Our History

Our History

Since 1988, Hackers for Hope has raised funds primarily through an annual golfing event held in Darien, CT. Each year, 12-20 golfers (or Hackers) play as many holes of golf as they can in a single day. Friends, colleagues and supporters sponsor teams or individuals through per-hole pledges or outright donations.

In the spring of 1986, Alfred E. Smith, IV and Edward D. Brown (Tim) were diagnosed with cancer while in their 30’s. As a result of their prognosis, each underwent treatment of chemotherapy or radiation and neither was able to return to work for the remainder of that year. Both members of the Wee Burn Country Club in Darien, Connecticut, Al and Tim spent the summer of 1986 on the golf course. Despite feeling weakness from their treatment, playing golf allowed them physical activity outside and refocused their attention away from their disease to a more positive attainable goal – improving their golf game. In 1988, Al and Tim wanted to do something to raise funds for the American Cancer Society while making use of their golf skills. Al and Tim enlisted Dr. Michael Moore of Sloan-Kettering and Bob Rex and put together a small “golf marathon” fundraiser. The original group of golfers played or “hacked” from sun up to sun down.

They call the event “Hackers for Hope” and Wee Burn Country Club fully supported Al and Tim’s efforts. They raised $47,000 for the American Cancer Society in that first year. Since that first “tournament” in 1988, The Hackers for Hope Program has grown exponentially. Incorporated in 1994, Hackers for Hope has refocused its mission to provide funding for local cancer research and treatment centers in the New York and Connecticut areas, such as the Bennett Cancer Center at Stamford Hospital in Stamford, Connecticut and Memorial Sloane-Kettering Cancer Center.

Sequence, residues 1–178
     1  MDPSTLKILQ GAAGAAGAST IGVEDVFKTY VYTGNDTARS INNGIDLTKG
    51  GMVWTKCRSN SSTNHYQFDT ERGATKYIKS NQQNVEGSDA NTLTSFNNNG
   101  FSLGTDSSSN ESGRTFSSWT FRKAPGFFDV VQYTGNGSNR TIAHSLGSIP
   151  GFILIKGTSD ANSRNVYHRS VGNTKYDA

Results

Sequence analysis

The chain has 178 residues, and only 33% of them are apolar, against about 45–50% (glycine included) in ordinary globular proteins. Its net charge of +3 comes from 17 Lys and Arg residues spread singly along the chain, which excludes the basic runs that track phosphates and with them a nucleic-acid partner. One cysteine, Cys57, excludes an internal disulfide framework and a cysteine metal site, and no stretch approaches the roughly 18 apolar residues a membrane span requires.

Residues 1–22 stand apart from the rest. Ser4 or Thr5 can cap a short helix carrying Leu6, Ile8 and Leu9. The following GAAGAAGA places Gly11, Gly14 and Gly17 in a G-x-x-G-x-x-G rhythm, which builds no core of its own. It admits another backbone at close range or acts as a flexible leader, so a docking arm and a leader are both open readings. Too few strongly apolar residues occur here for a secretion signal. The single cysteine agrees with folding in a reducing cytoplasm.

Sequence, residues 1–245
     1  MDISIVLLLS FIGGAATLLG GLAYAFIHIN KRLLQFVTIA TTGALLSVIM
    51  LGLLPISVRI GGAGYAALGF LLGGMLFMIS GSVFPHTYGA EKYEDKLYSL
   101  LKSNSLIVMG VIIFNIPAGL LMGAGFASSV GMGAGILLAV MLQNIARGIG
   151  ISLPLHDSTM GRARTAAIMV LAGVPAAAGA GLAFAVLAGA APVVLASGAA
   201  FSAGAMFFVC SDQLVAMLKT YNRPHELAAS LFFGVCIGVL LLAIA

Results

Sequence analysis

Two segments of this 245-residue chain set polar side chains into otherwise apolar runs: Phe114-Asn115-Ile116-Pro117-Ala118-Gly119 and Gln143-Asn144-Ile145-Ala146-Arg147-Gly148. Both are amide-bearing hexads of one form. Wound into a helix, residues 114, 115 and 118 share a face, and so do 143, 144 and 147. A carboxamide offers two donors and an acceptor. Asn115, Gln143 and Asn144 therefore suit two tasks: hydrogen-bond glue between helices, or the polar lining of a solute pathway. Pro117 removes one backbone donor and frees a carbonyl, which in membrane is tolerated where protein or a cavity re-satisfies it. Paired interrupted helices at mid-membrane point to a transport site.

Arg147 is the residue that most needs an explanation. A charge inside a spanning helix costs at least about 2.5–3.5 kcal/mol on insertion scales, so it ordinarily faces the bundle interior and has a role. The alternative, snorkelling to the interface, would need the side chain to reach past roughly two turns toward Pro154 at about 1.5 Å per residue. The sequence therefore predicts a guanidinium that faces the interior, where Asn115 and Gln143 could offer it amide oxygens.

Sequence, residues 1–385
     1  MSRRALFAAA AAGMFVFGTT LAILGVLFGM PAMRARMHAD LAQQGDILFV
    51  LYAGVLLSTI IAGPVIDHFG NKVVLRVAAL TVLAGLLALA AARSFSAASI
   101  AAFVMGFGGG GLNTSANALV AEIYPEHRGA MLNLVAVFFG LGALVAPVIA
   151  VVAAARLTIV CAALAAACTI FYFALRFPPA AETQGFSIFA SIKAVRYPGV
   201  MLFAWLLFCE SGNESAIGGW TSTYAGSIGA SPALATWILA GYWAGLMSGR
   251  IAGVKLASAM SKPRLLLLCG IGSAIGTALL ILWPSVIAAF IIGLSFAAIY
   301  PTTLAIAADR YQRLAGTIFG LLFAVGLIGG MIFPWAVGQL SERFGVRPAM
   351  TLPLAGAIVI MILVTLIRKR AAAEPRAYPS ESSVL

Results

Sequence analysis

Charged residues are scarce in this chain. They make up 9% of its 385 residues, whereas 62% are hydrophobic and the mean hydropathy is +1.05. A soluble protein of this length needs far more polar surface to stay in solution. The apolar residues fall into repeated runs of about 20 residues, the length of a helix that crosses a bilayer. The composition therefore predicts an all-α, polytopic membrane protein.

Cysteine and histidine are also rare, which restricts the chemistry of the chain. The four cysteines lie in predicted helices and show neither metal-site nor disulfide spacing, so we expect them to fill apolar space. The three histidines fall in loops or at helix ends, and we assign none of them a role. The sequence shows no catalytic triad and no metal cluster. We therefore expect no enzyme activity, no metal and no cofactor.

In 2010, longtime Hacker and cancer survivor Eric Kirby hosted the first Hackers for Hope Golf event and dinner in his home city of Pittsburgh. Eric’s friends and family joined together and raised funds for the University of Pittsburgh’s Cancer Institute for research on women’s cancers and for the Children’s Hospital of Pittsburgh for fellowships in pediatric oncology. Now held annually at the venerable Longue Vue Club, the event has grown each year. The Hackers are pleased to have expanded the reach of the organization and to have more support for such meaningful research and treatment efforts in the fight against cancer.

To date, Hackers for Hope has raised over $16 million.